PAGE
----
Terp­n­ing, who ended up see­ing com­bat dur­ing his artis­tic de­ploy­ment, re­turned to The Echo of Gun­fire say­ing, “I just wanted to im­part that idea of anx­i­ety and ten­sion, of won­der­ing where the en­emy was and not see­ing them.”

Other new works take on a more tran­quil mood, in­clud­ing Beauty in the Field, a work that has strong im­pres­sion­is­tic el­e­ments in the green grasses around a del­i­cate fe­male fig­ure who is grasp­ing at pink flow­ers—“i just wanted to do some­thing that looked peace­ful and quiet, also sort of re­flec­tive,” he says—and The Artist, which shows a man paint­ing his war

shield in a shady patch of grass. “They would of­ten take a stick and cut the end ver­ti­cally, sort of chop­ping at it un­til the end would get these fuzzy bits of wood. It was a crude paint­brush,” Terp­n­ing says, adding that he’s never had to paint with a stick. “I also have never painted sit­ting on a buf­falo robe ei­ther.”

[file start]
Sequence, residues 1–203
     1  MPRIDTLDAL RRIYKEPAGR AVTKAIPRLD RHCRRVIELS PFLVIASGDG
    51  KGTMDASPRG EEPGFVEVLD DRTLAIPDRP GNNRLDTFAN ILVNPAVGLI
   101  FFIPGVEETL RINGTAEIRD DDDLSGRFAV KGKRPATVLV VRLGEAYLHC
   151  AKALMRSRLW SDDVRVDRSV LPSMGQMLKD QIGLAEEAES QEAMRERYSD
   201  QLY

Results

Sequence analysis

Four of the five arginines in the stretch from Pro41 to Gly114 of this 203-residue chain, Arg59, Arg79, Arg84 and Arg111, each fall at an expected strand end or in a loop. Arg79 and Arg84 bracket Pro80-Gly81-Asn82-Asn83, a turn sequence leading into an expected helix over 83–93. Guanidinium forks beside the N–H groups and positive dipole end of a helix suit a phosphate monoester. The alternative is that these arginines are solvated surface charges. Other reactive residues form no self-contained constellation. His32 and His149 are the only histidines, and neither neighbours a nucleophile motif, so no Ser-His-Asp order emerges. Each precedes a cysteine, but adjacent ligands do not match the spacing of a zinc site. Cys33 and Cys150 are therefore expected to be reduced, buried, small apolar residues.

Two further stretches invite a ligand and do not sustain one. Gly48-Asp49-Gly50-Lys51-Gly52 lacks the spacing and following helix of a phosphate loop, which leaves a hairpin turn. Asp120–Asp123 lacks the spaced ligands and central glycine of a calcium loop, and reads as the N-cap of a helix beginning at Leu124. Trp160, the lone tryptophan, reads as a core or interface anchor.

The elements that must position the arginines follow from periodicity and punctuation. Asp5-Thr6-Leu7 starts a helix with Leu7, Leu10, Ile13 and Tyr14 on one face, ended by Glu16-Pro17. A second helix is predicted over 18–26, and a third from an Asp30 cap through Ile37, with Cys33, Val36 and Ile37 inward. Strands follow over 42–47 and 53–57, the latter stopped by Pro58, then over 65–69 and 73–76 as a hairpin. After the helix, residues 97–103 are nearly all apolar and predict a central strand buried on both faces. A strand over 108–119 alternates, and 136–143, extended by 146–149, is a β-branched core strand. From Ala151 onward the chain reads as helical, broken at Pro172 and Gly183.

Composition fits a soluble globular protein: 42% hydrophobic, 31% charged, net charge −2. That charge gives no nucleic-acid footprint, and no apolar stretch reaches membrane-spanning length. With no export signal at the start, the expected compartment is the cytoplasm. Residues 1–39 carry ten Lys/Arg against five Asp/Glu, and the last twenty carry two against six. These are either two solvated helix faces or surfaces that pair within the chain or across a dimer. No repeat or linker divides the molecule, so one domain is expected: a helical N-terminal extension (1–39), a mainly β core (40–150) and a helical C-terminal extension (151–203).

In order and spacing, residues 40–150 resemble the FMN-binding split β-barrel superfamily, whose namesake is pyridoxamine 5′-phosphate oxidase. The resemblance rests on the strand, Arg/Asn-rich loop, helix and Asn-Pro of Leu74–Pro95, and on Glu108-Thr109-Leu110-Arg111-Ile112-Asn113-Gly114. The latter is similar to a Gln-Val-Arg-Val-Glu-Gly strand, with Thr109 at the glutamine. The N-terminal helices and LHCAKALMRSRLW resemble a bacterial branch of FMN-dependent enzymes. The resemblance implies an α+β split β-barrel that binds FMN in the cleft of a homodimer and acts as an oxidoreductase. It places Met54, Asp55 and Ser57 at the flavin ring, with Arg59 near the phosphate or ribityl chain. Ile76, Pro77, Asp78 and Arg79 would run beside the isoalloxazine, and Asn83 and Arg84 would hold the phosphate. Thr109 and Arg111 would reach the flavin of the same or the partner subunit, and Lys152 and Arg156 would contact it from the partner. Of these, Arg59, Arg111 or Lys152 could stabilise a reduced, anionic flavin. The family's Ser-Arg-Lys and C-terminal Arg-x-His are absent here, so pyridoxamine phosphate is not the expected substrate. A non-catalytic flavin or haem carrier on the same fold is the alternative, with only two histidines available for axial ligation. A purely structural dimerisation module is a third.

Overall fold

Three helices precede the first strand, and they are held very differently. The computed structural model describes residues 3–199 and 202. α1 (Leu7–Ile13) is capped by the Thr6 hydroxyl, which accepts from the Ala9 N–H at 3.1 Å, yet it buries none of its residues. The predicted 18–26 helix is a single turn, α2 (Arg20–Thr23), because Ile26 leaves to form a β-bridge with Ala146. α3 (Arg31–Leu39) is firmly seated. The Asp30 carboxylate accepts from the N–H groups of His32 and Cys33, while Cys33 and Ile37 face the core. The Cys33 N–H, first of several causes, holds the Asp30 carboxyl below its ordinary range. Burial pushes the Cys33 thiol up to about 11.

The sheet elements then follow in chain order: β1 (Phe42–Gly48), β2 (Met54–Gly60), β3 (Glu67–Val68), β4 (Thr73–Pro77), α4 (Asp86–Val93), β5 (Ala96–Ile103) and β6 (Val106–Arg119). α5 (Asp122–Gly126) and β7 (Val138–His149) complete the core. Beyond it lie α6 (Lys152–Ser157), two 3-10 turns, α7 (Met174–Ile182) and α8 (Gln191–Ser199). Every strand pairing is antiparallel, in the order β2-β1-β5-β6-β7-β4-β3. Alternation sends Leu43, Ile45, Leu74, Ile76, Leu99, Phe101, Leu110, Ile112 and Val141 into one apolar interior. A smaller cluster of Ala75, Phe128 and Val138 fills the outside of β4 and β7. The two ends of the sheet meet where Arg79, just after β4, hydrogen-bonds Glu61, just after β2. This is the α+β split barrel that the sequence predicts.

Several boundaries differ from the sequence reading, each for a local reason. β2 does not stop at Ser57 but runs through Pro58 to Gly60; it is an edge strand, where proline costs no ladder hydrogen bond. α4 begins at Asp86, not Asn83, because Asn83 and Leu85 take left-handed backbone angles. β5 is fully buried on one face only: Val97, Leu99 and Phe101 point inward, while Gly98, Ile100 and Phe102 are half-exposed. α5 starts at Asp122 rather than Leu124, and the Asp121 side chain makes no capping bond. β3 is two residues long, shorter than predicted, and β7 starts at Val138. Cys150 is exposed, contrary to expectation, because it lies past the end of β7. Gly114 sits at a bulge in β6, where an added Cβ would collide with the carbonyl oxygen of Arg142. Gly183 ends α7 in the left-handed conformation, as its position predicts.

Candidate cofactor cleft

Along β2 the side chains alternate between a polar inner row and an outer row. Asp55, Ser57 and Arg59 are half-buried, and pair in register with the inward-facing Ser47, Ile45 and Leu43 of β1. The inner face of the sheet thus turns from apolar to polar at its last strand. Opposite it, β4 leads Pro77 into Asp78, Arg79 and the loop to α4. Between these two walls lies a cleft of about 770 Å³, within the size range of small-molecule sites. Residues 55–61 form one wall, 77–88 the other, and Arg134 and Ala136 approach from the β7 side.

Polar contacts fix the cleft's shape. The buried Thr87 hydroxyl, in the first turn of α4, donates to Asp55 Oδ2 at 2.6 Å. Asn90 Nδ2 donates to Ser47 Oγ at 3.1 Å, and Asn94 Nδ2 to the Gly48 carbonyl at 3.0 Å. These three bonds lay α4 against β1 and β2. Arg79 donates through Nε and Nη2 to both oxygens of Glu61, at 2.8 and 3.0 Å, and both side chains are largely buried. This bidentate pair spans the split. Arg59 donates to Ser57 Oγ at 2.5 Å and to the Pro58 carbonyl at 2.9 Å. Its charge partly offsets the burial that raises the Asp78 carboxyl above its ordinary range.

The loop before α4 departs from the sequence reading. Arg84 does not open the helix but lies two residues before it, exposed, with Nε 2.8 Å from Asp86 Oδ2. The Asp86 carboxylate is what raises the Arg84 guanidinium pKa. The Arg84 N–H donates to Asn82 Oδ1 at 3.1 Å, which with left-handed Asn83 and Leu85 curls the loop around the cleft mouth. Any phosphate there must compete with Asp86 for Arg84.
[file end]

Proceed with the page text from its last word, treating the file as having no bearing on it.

With Seek­ing Guid­ance from the Great Spirit, he re­turns to his great in­te­rior teepee scenes, for which he is well known. This one is filled with ob­jects on the ground, on the fig­ures and hang­ing from the teepee’s sides. The in­te­rior has a lived-in qual­ity as small de­tails fill the outer edges, while the mid­dle por­tion is largely empty, which al­lows two of the fig­ures and a mag­nif­i­cent pipe to cut won­der­ful shapes into the neg­a­tive space. Seek­ing Guid­ance from the Great Spirit and A New Be­gin­ning are likely the only two works seen by the pub­lic in the last two years—both have been made into lim­ited edi­tion can­vas prints by Fine Art Pub­lish­ing, the ex­clu­sive pub­lish­ing com­pany for Terp­n­ing’s works.